There's more to getting flawless, luminous skin than just inheriting great genes. In fact, some research has shown that what foods you eat can determine how blemish-free you are.
“There have been a lot of recent studies showing that certain foods will in fact affect the quality of skin,” explains Dr. Paul Jarrod Frank, New York City-based cosmetic dermatologist. “Avoiding them is the only way to ensure healthier skin. However, significantly reducing them will have some benefits.”
READ: 10 Fall Foods to Help You Get Luminous Skin
“Foods that cause inflammation, such as dairy, sugar, and carbohydrates are the most damaging to the skin,” he adds.
Frank suggests eating more proteins and vegetables rich in color, as well as fish for a natural glow. Also, if you believe you’re sensitive to certain ingredients, such as gluten, he recommends visiting a dermatologist for a checkup to better determine if you need to alter your eating habits.
Whether its puffiness or early signs of aging, here are 10 foods experts say may be hurting your skin:
While more studies are needed to further understand how soda triggers adult acne, Dr. Julia Tzu, clinical assistant professor of dermatology at New York University, believes fizzy cola, in particular, can wreck havoc on your features. “Cola sodas are basically a bubbly mixture of weak acids and tons of sugar,” she explains. "Not only is it terrible for the skin because of the high fructose corn syrup, it is equally bad for the teeth and bones. That’s pretty much the entire body.” Skip the soda and opt for refreshing, zero-calorie water instead
Think twice before asking the bartender to make it a double. Alcohol is a diuretic, causing you to lose more fluids in the body, prompting dehydration. And the more dehydrated you are, the more dryness your skin will suffer from, causing signs of premature aging. While you don’t have to give up on happy hour altogether, it is recommended to keep the drinking to a minimum, specifically one drink for women and two for men.
Puffy eyes getting you down? “Too much sodium can cause puffy under eyes and facial bloating,” says Marina Peredo, associate clinical professor of dermatology at Mount Sinai Hospital in New York. “Facial bloating is as awful as it sounds, so try eating foods rich in potassium and keeping hydrated to reduce these less than desirable effects.”
Long touted as an all-natural sweeter, consuming too much agave can cause more harm than good — and the results will show. “The fact that this sweetener continues to get promoted as healthy blows my mind, considering it is up to 97% fructose,” says nutritionist JJ Virgin. “Fructose creates inflammation and gets repackaged in your liver as fat. Eczema and acne are among the many skin problems of fructose malabsorption.” To any a hint of sweetness to any dish or drink, consider choosing the least processed sweetener you can find, like raw maple syrup or local honey.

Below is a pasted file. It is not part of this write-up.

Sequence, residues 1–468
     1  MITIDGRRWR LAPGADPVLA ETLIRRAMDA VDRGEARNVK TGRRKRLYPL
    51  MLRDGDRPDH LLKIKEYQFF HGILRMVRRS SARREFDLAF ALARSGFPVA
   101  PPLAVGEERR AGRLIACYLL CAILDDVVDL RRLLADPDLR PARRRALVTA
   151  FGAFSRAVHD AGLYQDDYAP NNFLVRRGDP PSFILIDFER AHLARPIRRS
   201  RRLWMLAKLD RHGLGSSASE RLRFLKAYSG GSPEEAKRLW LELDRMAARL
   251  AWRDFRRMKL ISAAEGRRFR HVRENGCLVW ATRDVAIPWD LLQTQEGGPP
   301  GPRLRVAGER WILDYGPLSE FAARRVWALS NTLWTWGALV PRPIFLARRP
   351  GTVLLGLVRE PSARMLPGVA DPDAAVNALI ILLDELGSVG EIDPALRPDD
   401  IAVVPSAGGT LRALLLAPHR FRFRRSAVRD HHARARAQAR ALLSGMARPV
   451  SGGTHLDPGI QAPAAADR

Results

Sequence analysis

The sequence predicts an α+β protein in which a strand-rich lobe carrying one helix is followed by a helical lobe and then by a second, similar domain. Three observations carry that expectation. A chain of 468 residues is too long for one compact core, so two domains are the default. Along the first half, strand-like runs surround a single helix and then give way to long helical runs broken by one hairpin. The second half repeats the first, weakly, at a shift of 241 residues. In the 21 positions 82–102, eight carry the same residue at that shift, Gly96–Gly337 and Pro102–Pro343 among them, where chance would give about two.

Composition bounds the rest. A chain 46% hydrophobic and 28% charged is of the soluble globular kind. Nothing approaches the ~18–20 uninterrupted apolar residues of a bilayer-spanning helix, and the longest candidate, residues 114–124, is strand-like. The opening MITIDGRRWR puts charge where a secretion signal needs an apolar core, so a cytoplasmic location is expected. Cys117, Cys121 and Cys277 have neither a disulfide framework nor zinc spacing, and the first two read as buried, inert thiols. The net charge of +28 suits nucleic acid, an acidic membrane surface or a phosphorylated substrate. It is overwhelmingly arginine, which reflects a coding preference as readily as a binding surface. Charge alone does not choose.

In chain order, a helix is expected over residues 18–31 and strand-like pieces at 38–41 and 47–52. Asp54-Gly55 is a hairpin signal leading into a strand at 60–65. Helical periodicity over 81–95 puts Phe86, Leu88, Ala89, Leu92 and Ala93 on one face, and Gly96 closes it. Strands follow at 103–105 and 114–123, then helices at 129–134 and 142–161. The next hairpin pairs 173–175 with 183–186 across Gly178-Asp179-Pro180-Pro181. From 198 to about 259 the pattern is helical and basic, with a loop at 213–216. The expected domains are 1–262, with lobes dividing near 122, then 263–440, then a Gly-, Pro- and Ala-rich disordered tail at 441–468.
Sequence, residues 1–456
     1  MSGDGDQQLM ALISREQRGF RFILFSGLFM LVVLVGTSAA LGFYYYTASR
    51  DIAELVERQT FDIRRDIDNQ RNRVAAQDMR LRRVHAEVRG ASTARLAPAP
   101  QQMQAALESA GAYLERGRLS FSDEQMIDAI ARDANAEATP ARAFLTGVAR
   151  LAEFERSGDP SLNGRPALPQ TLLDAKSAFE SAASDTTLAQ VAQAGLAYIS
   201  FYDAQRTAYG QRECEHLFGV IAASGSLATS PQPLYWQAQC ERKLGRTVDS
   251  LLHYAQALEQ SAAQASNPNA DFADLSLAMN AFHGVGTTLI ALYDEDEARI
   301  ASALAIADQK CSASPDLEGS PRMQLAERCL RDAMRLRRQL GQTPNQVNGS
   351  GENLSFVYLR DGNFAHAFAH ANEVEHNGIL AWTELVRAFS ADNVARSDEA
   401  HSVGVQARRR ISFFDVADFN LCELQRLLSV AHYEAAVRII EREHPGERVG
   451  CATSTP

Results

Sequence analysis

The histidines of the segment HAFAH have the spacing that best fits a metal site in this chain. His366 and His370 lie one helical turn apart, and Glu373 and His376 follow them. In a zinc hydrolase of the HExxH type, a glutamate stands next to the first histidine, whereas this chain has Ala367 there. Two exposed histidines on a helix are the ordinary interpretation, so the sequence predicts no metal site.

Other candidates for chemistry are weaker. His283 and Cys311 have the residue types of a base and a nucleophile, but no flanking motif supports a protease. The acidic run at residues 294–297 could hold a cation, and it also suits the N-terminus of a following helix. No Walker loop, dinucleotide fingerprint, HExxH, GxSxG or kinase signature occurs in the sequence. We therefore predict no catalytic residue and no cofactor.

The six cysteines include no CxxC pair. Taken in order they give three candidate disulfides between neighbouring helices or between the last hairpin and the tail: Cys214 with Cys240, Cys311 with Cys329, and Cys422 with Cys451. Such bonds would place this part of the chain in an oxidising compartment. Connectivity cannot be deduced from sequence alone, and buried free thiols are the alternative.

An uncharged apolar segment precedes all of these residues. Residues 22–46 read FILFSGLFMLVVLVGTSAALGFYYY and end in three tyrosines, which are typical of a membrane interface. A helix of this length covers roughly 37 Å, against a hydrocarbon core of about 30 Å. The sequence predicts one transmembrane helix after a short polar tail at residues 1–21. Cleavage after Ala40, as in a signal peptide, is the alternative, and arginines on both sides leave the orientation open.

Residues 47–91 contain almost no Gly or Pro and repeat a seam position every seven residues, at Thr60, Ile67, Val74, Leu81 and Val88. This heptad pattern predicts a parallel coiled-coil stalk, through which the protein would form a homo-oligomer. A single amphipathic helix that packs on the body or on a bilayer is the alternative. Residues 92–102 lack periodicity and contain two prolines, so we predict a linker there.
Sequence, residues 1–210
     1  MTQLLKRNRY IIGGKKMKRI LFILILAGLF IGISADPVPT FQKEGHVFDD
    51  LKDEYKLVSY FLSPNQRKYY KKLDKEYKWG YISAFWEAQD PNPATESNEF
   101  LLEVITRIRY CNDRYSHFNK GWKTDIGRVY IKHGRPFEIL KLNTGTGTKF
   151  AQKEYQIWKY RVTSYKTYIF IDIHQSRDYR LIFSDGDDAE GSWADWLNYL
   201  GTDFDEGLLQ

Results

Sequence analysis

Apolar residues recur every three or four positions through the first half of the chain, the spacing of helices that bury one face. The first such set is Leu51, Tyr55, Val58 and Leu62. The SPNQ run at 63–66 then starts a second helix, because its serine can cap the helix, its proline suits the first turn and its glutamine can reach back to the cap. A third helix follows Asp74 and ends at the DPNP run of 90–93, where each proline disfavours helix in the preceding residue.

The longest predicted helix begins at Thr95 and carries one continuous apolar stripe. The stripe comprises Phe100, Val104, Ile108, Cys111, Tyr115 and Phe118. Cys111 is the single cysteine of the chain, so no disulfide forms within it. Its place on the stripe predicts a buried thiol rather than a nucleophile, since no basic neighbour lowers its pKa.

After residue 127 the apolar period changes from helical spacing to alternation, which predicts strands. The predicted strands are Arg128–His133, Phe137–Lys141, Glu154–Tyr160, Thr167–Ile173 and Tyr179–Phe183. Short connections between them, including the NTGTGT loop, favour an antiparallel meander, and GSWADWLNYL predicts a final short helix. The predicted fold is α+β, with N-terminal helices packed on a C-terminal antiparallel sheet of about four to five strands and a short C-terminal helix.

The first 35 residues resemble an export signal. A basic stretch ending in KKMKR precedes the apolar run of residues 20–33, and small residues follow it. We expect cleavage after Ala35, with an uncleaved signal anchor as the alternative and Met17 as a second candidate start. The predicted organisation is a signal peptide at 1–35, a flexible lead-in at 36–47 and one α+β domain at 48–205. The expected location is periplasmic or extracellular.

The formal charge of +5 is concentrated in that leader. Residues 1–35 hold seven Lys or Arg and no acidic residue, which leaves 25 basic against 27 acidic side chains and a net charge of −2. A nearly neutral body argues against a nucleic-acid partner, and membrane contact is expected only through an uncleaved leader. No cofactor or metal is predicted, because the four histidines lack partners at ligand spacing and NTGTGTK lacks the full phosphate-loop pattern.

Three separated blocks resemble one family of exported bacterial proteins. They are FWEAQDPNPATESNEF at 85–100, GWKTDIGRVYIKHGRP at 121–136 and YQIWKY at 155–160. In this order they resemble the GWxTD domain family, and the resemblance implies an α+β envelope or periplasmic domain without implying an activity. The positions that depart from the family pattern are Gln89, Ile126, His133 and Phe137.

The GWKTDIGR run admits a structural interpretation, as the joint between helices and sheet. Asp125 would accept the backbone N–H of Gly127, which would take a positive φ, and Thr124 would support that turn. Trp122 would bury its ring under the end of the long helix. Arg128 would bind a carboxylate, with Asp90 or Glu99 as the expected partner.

"What we do know is that 2-3 cups of caffeinated beverages (like coffee) stimulate the pituitary-adrenocortical response, which leads to increased cortical leaves in our bodies,” says Dr. Stafford Broumand, clinical professor of plastic surgery at the Mount Sinai Medical Center in New York. “Excess cortisol, known as the stress hormone, has been proven to accelerate the aging process, in turn damaging the skin. That includes dehydration, a dull appearance, and thinning of the skin, which leads to fine lines and wrinkles quickly.” Feeling too dependent on coffee? Try cutting back by mixing decaf and regular or replacing that extra cup with natural decaffeinated tea.
"Bagels have a massively high glucemic index, which increases insulin, leading to increased inflammation in the body,” says Dr. Elizabeth Tanzi, co-director of the Washington Institute of Dermatologic Laser Surgery. “This is shown to possibly accelerate aging and worsen acne and rosacea.” Instead of eating bagels everyday for breakfast, try healthier oatmeal topped with your favorite fruits to keep you fuller longer.
"French fries contain transfats that not only add on weight, but have been found to slow blood circulation, which can cause clogged up pores, acne, bacteria build-up and flaky skin,” warns health coach Lori Shemek. “Transfats are toxic for your health and is reflected in your skin.” For a healthier snack, try baking fresh kale leaves.
“Cheesecake is a mixture of dairy, simple, as well as complex carbohydrates, a winning combination for acne and wrinkles,” Tzu explains. If you must indulge in a sliver, do so in moderation.
Jarred Tomato Sauce
You may want to lay off the sauce — at least those from the supermarket. According to Tanzi, jarred tomato sauce can be loaded with sugar, and that can wreck havoc to your features. “The problems that acne causes on the skin are complex with clogged pores, excessive oil, and cysts, but it is fundamentally a result of inflammation. In some individuals, a high sugar diet increases the overall levels of inflammation in the body, which will exacerbate acne,” she states. Tanzi recommends making your own sauce at home, which will give you better control of the ingredients you use.
“The high salt, butter, and carbohydrate content is a triple threat against the skin and arteries, which supply essential nutrients to the skin,” explains Tzu. “Unlike milk and yogurt, butter is a dairy product with no substantial nutritional value.”